News Article

Cardin, Municipal Leaders Underscore Need for Coordinated Climate Change Responses
October 26, 2021


By: Elizabeth Shwe

Maryland municipal leaders emphasized the need for ample federal and state support if their climate change mitigation and resiliency plans are going to be successful. 

“Our local taxpayers can only bear so much in response [to climate change], and federal and state support is going to be needed to be effective,” Jake Day, the mayor of Salisbury, said in a virtual discussion hosted by U.S. Sen. Benjamin L. Cardin (D) on Monday.

Cardin met with local leaders to learn about how “Team Maryland” in Congress can help address climate change impacts. 

With 70 percent of Marylanders living in coastal areas and 31 extreme weather events over the last decade that have cost Maryland $10 billion in damages, “we recognize that we have extreme vulnerability,” Cardin said. 

From President Biden’s trillion-dollar bipartisan infrastructure plan — which the House is expected to vote on by the end of this week — Maryland will get $4.5 billion to improve roads and bridges, $8 billion in capital investment grants and $18 billion to support clean transportation, according to Cardin, who chairs the Subcommittee on Transportation and Infrastructure of the Senate Committee on Environment and Public Works.  

“Leaders in our municipalities and our counties — you’re the frontline, it is Team Maryland, we want to give you the help and resources you need…to be more resilient to the threats we have today and to make it safer and more economically viable for our future,” Cardin said. 

The Federal Emergency Management Agency offers three grant programs that help local communities adapt to the effects of climate change. States can apply to the federal Building Resilient Infrastructure and Communities grant, a flood mitigation assistance grant and a hazard mitigation grant program, said Mary Ann Tierney, the regional administrator of FEMA.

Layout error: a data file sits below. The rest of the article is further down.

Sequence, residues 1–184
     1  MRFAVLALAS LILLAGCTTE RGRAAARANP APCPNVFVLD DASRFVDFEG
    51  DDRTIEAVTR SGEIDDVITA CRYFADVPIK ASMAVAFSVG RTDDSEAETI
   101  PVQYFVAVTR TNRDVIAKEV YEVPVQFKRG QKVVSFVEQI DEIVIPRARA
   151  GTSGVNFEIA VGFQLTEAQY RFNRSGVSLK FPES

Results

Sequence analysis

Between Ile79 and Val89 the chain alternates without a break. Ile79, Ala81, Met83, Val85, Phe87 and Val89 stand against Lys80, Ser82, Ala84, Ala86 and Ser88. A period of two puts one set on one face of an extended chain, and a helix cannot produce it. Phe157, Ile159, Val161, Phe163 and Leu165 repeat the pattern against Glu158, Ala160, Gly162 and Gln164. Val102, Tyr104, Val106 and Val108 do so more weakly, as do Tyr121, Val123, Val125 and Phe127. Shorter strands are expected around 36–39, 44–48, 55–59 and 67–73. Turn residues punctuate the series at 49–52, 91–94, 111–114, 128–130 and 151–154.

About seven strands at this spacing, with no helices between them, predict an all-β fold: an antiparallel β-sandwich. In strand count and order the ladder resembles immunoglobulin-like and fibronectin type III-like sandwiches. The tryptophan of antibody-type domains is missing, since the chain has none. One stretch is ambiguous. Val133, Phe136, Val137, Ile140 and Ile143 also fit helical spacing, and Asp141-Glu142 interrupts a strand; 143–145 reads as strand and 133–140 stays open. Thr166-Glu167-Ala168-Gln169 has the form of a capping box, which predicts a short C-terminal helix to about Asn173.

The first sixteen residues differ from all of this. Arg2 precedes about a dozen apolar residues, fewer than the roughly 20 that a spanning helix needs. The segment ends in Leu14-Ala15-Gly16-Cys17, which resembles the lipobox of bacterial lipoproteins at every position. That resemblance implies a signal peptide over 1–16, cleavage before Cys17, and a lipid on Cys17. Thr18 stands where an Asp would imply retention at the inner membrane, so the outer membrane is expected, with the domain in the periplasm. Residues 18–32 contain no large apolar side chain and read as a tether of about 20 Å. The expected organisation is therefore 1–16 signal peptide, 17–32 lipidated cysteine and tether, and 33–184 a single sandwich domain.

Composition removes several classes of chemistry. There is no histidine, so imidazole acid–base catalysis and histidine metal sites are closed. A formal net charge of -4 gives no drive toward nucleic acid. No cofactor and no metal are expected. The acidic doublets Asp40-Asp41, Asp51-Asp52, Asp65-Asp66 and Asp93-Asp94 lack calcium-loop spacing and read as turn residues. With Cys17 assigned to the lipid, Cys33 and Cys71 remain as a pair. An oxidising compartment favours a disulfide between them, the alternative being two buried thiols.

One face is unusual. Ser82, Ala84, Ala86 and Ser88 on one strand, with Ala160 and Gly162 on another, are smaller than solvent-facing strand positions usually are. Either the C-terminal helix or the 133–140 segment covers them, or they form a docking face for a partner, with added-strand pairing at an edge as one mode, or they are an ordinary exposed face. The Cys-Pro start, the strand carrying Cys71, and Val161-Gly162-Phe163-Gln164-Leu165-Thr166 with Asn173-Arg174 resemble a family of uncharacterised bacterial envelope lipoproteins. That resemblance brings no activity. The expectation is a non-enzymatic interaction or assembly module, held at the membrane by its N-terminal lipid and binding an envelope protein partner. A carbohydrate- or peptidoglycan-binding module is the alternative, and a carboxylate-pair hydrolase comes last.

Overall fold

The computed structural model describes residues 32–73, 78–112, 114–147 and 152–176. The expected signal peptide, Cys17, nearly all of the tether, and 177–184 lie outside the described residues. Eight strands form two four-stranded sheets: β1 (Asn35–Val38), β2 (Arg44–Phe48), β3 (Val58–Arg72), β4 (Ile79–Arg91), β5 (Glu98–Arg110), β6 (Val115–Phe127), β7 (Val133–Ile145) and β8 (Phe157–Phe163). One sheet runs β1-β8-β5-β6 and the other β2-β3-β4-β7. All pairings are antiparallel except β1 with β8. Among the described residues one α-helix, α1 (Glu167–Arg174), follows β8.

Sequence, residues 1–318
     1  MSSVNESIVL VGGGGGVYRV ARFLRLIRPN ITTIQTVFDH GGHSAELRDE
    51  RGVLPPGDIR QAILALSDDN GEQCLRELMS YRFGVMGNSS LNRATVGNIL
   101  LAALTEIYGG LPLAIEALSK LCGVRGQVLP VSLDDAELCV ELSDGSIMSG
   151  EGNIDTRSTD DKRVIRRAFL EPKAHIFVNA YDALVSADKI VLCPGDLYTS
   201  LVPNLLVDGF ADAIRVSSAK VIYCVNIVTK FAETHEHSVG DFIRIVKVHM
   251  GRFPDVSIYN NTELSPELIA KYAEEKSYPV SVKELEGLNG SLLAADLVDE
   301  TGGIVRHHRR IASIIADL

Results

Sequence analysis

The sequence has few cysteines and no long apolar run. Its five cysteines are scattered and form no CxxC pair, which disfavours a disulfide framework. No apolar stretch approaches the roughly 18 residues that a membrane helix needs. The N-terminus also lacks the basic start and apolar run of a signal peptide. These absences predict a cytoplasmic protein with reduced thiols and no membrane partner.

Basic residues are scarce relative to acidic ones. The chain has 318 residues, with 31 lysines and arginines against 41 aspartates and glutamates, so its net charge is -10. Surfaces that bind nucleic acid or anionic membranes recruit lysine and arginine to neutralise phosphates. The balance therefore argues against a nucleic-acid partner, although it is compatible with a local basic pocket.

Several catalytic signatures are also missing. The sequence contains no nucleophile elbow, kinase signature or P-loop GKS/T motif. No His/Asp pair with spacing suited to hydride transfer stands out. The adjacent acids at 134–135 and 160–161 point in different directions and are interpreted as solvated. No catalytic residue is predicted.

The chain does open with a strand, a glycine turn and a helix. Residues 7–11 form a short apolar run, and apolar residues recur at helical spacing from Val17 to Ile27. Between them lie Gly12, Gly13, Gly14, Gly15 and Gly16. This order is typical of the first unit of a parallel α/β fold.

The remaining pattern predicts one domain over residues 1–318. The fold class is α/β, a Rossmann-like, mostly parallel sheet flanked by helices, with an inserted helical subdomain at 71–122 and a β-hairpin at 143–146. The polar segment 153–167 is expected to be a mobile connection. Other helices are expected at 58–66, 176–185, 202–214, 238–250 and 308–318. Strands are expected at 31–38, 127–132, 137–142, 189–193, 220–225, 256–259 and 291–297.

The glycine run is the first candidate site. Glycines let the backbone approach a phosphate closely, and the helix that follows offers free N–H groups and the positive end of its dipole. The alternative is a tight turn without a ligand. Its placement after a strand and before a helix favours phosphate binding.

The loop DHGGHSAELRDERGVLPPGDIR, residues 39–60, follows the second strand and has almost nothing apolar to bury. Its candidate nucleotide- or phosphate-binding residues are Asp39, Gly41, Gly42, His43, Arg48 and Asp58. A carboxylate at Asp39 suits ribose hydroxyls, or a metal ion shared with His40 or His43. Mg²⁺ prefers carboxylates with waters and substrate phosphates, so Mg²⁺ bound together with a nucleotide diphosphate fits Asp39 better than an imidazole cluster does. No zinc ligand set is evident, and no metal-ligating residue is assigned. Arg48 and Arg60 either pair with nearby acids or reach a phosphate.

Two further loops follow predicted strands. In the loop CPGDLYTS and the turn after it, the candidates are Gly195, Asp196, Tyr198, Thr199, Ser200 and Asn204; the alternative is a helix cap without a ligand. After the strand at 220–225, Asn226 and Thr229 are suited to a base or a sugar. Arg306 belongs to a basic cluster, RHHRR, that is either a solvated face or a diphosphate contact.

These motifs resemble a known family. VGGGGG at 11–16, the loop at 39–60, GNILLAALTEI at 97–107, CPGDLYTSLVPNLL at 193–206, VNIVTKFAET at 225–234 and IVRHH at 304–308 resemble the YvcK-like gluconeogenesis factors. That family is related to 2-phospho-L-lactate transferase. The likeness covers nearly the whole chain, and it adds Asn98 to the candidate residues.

And as a result of the Biden administration adding to the hazard mitigation grant program in response to the COVID-19 pandemic in August, there is an additional $77.7 million available for projects in Maryland, she continued. 

However, one challenge the city of Salisbury faced when trying to use funding from the federal hazard mitigation grant program is convincing all property owners to participate. The city wanted to use the grant to buy flooded properties and turn them into open space, which would protect property on higher ground, but not all property owners agreed to the plan, Day said. 

“The result…is that we got nowhere, and we weren’t able to leverage those dollars into action,” Day said. The city faced three consecutive “catastrophic” floods in 2016 to 2018, and the effects of climate change are only worsening, he said. 

Prince George’s County Councilmember Monique Anderson-Walker (D) suggested targeting areas with impervious surfaces or a stable sewage infrastructure so that new projects do not risk adding pressure to water systems that are already heavily burdened. 

The Prince George’s Council passed a bill that would require the U.S. Army Corp of Engineers, which provides public engineering services, to do a countywide flood assessment and map the most heavily flooded areas. That would give the county a better sense of areas that need the most attention and move forward with best practices, Anderson-Walker said. 

“We need a significant amount of infrastructure funds to come to this area in particular, an area where there has been some degree of neglect — you could look at that as an equity issue,” she said. Sixty-four percent of Prince George’s residents are Black and 20 percent are Hispanic or Latino. Flooding hinders wealth building, as homes get devalued after they are flooded, Anderson-Walker said.

Meanwhile, Annapolis is currently working on raising its City Dock by six feet, building a new flood wall that would protect the city from sea level rise, said Gavin Buckley (D), the city’s mayor. 

Buckley said he thinks Annapolis has potential to become “the resiliency capital of the country.”

It is critical that cities and counties work together on climate resiliency plans because “you’re not going to be able to fix this problem in one budget cycle,” said Michael O’Connor (D), the mayor of Frederick. “It’s going to take a multi-year plan, it’s going to take…partnerships between city, county, state and federal governments to make this possible.”